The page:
Sunday, September 5, 2010


In August 2009, I began my life as a PhD student in Foreign Language & ESL Education at the University of Iowa. I came to the university with a research interest in the use of role-plays and simulations in the context of task-based instruction. During my first semester, I realized that interest in this topic is limited to practitioners and that interest is waning. However, it is thriving in the context of computer-mediated communication. I later found out that research on any second language teaching approach or activity centered around emerging technologies is hot. Although I have a passion for incorporating technology into the classroom, I do not have a passion for researching it. In general, I rank technology high when it comes to teaching (practice) but low when it comes to researching (theory).

If I want to research the use of technology in the classroom, I prefer to investigate how to apply students' critical thinking skills to their usage and production of information online. At the end of my first year, I discovered that the blanket term for this field is multiliteracies, which include media literacy. This is a burgeoning field in education research, and there is little out there in ESL education. I believe it would be very exciting to be conduct research on multiliteracies in the contexts of both ESL and EFL.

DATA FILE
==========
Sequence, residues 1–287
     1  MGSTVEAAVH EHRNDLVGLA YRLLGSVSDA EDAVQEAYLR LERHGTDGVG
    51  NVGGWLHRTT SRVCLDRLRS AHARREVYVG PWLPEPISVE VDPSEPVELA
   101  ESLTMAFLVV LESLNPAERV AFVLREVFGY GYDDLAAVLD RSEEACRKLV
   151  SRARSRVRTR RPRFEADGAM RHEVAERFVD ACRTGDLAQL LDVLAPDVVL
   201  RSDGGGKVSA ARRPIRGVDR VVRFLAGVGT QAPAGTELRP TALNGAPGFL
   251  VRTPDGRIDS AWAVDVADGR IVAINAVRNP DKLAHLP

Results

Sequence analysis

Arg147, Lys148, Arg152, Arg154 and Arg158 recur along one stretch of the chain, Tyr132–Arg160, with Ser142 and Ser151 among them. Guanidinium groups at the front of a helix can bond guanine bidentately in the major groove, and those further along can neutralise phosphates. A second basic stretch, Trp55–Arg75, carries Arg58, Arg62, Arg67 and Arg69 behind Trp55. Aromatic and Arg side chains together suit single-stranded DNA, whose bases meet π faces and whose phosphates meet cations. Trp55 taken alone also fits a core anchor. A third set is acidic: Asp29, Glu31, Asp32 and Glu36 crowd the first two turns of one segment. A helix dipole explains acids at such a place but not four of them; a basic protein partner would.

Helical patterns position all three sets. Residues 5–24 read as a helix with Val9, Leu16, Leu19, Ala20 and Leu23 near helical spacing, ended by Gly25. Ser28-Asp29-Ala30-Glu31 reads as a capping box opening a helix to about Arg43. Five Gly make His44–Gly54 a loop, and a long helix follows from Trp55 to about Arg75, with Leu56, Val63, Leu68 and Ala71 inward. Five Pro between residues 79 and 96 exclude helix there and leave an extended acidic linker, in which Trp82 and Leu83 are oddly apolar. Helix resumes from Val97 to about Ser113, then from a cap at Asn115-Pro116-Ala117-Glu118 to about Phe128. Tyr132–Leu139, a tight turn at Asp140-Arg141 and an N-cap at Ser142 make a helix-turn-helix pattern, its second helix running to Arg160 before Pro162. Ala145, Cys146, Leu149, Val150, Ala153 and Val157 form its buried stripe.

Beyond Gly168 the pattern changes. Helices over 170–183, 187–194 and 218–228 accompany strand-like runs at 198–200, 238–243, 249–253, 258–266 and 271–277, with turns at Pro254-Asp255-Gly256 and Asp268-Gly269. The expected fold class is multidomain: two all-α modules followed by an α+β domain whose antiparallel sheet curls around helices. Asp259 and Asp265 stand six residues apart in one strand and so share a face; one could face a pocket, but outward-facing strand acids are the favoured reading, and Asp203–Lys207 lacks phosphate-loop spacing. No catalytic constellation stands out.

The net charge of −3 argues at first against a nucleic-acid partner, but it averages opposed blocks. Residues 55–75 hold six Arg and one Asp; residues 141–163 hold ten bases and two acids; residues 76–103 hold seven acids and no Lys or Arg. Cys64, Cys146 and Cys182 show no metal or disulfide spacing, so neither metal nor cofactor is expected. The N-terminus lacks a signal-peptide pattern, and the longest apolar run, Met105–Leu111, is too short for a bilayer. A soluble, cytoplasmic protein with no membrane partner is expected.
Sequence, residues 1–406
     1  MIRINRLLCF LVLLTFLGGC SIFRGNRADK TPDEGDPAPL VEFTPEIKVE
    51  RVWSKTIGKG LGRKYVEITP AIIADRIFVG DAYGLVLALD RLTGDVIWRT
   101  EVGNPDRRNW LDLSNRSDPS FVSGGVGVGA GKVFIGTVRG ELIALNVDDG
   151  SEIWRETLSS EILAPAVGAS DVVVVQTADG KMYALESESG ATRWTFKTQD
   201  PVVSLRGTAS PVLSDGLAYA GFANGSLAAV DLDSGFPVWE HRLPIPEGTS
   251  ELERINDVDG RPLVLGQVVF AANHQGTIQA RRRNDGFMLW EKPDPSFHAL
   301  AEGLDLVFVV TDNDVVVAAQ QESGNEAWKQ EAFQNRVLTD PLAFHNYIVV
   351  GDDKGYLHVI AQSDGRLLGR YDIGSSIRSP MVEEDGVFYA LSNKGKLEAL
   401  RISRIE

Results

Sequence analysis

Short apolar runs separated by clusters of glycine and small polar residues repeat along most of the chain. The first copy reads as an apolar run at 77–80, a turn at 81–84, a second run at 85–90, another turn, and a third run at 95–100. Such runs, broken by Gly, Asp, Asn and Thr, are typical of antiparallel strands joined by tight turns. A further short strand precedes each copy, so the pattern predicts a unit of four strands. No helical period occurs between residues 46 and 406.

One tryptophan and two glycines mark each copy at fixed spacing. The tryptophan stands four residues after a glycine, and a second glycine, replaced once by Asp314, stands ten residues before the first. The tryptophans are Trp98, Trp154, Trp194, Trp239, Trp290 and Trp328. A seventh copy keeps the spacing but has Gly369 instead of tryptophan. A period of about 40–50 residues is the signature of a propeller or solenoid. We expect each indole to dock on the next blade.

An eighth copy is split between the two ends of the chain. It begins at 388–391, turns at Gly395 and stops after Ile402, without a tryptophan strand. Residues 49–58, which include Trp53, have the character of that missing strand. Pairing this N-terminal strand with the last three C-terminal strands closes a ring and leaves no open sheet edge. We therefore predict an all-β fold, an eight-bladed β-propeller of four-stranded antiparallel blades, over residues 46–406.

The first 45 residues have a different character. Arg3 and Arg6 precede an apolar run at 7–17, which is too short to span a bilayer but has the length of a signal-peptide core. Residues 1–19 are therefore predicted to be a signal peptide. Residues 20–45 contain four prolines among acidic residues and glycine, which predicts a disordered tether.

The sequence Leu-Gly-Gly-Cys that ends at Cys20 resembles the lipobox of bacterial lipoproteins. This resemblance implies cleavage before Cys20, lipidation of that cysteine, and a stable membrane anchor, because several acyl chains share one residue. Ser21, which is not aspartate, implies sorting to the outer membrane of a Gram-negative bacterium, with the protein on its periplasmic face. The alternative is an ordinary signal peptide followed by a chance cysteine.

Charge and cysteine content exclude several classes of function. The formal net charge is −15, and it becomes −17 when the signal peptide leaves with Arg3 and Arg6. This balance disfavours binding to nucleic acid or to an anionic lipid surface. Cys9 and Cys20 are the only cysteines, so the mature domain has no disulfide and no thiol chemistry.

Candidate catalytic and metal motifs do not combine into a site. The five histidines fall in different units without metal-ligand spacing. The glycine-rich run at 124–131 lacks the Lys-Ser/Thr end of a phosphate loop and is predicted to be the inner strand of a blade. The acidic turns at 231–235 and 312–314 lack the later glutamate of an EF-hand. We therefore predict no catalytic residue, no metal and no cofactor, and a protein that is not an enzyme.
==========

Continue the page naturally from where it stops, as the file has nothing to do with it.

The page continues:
However I am more interested in investigating how do the classroom dynamics of an EFL classroom outside of the United States affect the pedagogical decisions of a native-speaking instructor. This research idea came to me during my first semester while I taking a course, Second Language Classroom Learning, that brought up many discussion questions I wanted to research. I found that this topic to be an excellent intersection of my personal experience, interests, and career goals. However it baffles me why I hadn't thought of this area to research sooner.

I spent my second semester deciding which of the two research interests I would like to pursue for my dissertation, multiliteracies in an EAP classroom or cultural competence of EFL instructors. After doing preliminary readings of literature in both fields, the latter seemed more appealing. Also I could envision my research approach and career goals more clearly with the latter topic.

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